August 15, 2017 | Josh Sullivan
July continued to be a successful month for the DC Metro housing market, with closings continuing to increase YoY throughout most jurisdictions. Median sales price followed suit, reaching a decade-high level of $439,900 for the Metro. These two factors would normally indicate a strong seller’s market, but the recent uptick in inventory suggests a slight shift towards a buyer’s market.
The District remained competitive, with the same median sales price of last July at $570,000. While the sales price remained unchanged, DC experienced almost an 11% increase in closings across all property types. The most significant growth was concentrated amongst detached single-family homes, increasing 25% YoY. Townhome and condo sales improved as well with a growth of 7.6% and 9.1%, respectively.
Arlington County, VA
The slight regression, or momentum shift, can be seen more clearly within Arlington County. Median sales price dipped, while closings increased, particularly within condos and townhomes. Arlington posted a median sales price of $567,500 for the month of July, down almost 10% from last year. The decrease in sales price could be attributed to the increase in inventory, which resulted in 297 closings for the month of July. Single-family residences decreased a mere 5% YoY, while townhomes and condos improved considerably. 25 townhomes closed for the month of July which is an astounding 47% increase over last year. Condos improved as well, up 8% YoY with 158 closings.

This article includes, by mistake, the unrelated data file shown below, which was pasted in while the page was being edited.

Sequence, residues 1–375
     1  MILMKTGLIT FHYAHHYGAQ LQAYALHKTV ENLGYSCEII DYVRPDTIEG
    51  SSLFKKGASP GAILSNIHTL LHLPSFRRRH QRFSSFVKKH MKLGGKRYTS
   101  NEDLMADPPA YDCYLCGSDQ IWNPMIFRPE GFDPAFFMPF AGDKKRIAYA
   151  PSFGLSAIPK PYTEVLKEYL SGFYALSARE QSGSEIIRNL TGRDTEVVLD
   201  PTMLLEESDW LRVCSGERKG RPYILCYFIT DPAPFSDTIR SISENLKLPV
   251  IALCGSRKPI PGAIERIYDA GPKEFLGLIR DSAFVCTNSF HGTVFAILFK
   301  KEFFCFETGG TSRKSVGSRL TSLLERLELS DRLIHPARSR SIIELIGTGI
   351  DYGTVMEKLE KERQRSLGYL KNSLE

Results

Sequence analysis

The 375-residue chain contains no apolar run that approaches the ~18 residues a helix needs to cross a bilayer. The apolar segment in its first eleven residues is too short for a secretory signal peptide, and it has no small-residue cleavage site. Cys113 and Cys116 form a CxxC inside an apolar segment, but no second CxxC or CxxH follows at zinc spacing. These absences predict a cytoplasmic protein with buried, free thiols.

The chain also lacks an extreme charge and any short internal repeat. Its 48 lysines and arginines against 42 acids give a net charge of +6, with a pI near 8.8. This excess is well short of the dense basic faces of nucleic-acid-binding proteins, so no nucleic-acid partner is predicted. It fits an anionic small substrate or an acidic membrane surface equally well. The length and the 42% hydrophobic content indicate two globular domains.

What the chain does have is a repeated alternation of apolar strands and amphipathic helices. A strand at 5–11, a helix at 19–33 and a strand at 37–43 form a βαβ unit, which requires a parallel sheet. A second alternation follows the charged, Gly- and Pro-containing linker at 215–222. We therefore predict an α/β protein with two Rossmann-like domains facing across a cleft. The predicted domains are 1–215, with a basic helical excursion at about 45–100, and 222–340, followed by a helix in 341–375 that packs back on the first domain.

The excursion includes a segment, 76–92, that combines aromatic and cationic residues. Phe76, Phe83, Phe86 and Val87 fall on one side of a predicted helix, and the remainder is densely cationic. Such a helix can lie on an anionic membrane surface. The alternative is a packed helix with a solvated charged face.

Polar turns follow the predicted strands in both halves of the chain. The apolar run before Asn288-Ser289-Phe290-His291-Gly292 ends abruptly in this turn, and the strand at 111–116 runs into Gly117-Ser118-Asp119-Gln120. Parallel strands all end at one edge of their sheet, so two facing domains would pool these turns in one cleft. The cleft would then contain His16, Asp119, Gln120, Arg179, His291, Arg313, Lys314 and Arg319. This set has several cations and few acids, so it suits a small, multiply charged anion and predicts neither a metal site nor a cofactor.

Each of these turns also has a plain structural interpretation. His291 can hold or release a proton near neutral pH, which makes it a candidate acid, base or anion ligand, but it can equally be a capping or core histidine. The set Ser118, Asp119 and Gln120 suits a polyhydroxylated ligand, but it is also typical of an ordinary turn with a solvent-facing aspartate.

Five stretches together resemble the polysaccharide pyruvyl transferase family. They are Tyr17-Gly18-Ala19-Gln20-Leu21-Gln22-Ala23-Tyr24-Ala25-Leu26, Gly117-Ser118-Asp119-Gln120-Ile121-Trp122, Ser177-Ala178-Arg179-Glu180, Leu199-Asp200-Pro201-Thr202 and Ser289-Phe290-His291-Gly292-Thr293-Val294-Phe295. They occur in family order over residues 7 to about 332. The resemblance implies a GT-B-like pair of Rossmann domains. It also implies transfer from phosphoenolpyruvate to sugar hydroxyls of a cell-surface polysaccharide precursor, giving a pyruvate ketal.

Fairfax County, VA
Similar to DC proper, Fairfax County’s median sales price remained largely unchanged at $500,000 for the month of July. Closings in Fairfax County reached 1,642 for the month of July, inching just 1.6% above last year’s level. Single-family homes accounted for 832 closings, while townhomes and condos posted 481 and 329, respectively. Of the three property types, condo sales grew the most with a 9.7% increase YoY.
The gradual shift from a seller’s market to a buyer’s market is evident, given the consistent rise in supply while sales continue to climb. Though inventory is rising slightly in each market, there is still roughly only two months of supply within the District, well below the national average. The next few months will be paramount in determining if there truly is a shift in the market, as opposed to these trends being the result of a market cooling down after a hot selling season.